The House Judiciary Committee reached an agreement to gain access to evidence special counsel Robert Mueller collected on whether the president acted improperly and backed off a plan to hold Attorney General William Barr in contempt for blocking the release, reports the Wall Street Journal. Chairman Jerrold Nadler (D-NY) said both Republicans and Democrats would have access to them, ending weeks of brinkmanship between the Trump administration and Capitol Hill over the evidence collected by Mueller in his nearly two-year-long investigation into Russian interference in the 2016 presidential election and contacts between the Trump campaign and Moscow.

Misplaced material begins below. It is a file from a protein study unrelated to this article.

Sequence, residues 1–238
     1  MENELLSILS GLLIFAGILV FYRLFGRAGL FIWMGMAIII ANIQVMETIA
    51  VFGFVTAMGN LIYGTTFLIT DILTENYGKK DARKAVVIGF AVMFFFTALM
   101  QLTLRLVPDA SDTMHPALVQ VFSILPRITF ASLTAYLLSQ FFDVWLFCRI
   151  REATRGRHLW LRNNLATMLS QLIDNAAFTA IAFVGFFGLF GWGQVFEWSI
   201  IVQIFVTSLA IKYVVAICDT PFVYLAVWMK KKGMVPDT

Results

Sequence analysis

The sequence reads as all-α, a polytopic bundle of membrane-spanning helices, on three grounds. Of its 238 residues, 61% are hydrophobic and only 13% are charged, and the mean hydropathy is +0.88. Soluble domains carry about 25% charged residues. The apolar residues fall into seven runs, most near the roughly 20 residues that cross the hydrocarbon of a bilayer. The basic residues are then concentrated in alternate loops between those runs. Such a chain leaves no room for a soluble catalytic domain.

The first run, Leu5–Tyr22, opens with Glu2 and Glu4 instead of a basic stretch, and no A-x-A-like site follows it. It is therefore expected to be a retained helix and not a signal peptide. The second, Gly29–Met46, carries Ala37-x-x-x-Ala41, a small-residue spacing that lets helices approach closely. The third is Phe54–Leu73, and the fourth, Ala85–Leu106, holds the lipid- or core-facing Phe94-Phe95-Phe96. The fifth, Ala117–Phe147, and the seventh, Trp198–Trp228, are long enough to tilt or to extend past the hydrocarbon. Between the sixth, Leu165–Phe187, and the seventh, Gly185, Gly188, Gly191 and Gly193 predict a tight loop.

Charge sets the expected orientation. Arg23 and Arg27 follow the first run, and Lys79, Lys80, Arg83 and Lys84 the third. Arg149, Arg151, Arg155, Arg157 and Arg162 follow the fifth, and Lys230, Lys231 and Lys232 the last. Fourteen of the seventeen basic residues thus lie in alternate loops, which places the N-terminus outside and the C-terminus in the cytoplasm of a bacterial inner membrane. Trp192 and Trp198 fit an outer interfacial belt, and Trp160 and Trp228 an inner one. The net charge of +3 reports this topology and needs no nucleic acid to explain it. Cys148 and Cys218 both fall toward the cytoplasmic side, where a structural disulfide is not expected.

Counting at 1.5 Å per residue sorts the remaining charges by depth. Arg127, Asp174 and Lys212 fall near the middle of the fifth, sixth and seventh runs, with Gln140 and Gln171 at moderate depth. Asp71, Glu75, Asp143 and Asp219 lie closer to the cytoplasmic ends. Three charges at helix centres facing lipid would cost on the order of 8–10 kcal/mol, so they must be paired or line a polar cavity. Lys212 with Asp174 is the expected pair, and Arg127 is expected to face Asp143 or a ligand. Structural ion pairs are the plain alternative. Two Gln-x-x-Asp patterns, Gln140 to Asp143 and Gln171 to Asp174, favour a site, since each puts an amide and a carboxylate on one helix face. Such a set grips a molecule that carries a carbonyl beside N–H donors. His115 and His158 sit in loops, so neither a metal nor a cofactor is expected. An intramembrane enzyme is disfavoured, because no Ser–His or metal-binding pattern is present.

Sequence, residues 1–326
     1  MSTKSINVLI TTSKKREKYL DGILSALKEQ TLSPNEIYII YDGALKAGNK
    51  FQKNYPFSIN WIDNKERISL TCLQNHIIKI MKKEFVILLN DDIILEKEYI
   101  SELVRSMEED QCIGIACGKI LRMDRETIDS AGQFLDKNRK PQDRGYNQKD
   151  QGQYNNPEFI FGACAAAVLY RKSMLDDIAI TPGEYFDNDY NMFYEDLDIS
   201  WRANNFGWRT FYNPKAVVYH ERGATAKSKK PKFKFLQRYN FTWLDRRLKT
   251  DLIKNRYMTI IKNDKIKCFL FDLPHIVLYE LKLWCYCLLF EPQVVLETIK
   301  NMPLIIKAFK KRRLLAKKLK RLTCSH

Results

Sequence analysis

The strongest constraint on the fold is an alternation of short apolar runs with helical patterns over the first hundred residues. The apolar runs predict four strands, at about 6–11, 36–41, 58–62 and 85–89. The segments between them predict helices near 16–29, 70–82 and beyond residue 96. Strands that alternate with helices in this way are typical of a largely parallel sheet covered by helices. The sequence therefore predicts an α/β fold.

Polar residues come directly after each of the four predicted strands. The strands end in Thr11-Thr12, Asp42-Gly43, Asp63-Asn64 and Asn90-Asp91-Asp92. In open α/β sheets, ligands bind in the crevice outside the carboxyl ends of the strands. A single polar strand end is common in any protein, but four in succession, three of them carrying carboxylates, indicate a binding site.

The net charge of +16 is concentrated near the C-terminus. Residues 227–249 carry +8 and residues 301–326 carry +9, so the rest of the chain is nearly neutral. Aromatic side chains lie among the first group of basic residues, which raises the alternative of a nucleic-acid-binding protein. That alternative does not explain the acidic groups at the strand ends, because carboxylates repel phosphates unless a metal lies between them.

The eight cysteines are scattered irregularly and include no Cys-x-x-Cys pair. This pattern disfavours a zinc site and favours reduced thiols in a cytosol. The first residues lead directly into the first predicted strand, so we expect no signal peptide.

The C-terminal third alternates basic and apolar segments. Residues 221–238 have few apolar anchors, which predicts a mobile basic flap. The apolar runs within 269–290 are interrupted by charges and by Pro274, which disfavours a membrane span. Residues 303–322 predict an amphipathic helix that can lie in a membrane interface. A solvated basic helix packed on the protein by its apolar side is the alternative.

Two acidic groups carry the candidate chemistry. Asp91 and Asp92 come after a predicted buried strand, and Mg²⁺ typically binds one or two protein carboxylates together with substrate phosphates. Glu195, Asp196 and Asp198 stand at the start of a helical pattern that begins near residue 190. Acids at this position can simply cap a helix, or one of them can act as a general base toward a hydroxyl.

On May 24, Nadler limited the panel’s request, asking only for witness interviews used in the obstruction part of Mueller’s report, some witness notes and “a small number of White House memoranda and communications” cited in the report. Lawmakers must go to the Justice Department individually to view the documents. “These documents will allow us to perform our constitutional duties and decide how to respond to the allegations laid out against the president by the Special Counsel,” Nadler said. Nadler said he would put off a planned contempt vote against Barr “for now,” but it could be revived if the House felt the Justice Department didn’t comply with the terms of the deal.